Despite worries to the contrary, a new study demonstrates that expanded healthcare coverage has not reduced access to care for those with pre-existing coverage.
Data from the Medical Expenditure Panel Survey from 2008 through 2014 saw no effect on access to care for continuously insured individuals across eight measures, despite the increase in coverage over that period provided by the Affordable Care Act (ACA) and similar reforms, according to a new study in Health Affairs. The authors note that the study covered a range of scenarios, from years with relatively low increases in insurance coverage to years during which Medicaid expansion and improving job markets drove higher expansion.
The main worry, wrote study authors Salam Abdus, staff fellow, and Steven C. Hill, senior economist, both of the Agency for Healthcare Research and Quality, involves “negative spillovers” caused when a surge of newly insured patients puts pressure on the existing supply of care and preventive services.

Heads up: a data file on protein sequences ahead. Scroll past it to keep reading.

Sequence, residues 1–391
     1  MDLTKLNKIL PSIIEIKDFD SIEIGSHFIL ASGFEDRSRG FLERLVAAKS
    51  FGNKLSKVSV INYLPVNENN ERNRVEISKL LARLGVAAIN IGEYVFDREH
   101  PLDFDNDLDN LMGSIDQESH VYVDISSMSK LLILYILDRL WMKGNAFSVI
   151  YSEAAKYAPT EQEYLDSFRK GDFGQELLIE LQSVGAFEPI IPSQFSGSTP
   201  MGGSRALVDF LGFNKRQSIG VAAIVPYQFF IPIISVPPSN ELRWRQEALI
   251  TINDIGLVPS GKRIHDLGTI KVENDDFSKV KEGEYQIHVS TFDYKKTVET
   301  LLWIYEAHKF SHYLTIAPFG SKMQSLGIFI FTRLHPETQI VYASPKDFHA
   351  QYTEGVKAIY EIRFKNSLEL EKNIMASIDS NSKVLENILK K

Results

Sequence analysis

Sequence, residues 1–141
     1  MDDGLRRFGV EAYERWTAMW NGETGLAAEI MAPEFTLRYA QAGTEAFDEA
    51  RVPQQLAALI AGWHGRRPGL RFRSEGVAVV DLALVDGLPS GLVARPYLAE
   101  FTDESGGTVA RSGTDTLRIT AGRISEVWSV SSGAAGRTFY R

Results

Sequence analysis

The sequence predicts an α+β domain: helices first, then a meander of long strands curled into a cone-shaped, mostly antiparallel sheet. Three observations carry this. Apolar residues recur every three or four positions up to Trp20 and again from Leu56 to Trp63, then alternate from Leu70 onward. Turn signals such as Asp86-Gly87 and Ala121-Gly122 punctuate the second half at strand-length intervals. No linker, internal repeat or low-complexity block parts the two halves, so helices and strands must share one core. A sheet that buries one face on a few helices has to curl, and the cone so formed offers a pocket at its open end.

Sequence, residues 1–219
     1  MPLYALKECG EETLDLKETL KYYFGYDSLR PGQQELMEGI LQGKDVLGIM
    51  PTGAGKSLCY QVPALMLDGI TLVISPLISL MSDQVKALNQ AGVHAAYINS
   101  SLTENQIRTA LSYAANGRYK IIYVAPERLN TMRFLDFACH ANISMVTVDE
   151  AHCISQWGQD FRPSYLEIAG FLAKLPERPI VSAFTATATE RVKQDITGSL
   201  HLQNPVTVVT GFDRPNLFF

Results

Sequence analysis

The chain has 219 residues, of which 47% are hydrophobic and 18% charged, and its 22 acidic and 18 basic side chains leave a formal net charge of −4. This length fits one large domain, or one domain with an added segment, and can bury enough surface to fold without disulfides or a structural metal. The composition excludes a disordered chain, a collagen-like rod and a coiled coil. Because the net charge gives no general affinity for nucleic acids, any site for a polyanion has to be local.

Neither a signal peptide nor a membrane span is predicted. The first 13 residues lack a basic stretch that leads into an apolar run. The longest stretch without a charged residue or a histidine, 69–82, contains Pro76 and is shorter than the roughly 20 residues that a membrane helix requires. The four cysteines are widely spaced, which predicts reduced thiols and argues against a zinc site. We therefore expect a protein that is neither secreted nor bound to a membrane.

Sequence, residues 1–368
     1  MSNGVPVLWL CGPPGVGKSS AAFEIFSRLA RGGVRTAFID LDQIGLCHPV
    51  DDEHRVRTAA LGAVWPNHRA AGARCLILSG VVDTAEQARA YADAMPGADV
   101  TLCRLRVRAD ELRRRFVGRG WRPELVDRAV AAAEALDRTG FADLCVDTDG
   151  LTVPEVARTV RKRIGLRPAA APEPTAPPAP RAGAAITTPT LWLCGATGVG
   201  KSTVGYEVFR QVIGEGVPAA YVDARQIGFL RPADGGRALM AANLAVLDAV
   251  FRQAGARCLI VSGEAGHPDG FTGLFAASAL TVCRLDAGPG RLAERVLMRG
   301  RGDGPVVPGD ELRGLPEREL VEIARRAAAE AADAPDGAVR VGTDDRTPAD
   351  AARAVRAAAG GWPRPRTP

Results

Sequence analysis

Given the link between system capacity and negative spillover, the authors took a closer look at a pair of vulnerable subpopulations: patients in rural areas, whose access to care was already under pressure due to the physician shortage, and adults who received Medicaid benefits throughout the period. The data showed no consistent evidence that expanded insurance coverage affected access negatively in these populations, either.